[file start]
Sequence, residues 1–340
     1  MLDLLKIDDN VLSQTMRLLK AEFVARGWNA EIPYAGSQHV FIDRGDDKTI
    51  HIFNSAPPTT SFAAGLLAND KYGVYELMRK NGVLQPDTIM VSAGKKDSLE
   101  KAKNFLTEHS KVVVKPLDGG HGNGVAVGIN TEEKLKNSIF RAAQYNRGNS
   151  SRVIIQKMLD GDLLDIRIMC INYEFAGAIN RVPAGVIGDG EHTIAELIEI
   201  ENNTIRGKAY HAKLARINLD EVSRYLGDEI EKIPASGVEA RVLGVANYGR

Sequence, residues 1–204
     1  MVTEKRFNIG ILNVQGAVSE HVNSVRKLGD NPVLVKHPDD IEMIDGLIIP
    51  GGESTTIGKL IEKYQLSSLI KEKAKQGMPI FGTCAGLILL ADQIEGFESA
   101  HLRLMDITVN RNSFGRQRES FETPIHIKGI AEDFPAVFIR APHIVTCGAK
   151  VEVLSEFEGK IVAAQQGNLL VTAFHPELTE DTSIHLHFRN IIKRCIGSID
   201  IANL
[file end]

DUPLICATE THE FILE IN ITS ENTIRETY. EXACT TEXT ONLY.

Sequence, residues 1–340
     1  MLDLLKIDDN VLSQTMRLLK AEFVARGWNA EIPYAGSQHV FIDRGDDKTI
    51  HIFNSAPPTT SFAAGLLAND KYGVYELMRK NGVLQPDTIM VSAGKKDSLE
   101  KAKNFLTEHS KVVVKPLDGG HGNGVAVGIN TEEKLKNSIF RAAQYNRGNS
   151  SRVIIQKMLD GDLLDIRIMC INYEFAGAIN RVPAGVIGDG EHTIAELIEI
   201  ENNTIRGKAY HAKLARINLD EVSRYLGDEI EKIPASGVEA RVLGVANYGR

Sequence, residues 1–204
     1  MVTEKRFNIG ILNVQGAVSE HVNSVRKLGD NPVLVKHPDD IEMIDGLIIP
    51  GGESTTIGKL IEKYQLSSLI KEKAKQGMPI FGTCAGLILL ADQIEGFESA
   101  HLRLMDITVN RNSFGRQRES FETPIHIKGI AEDFPAVFIR APHIVTCGAK
   151  VEVLSEFEGK IVAAQQGNLL VTAFHPELTE DTSIHLHFRN IIKRCIGSID
   201  IANL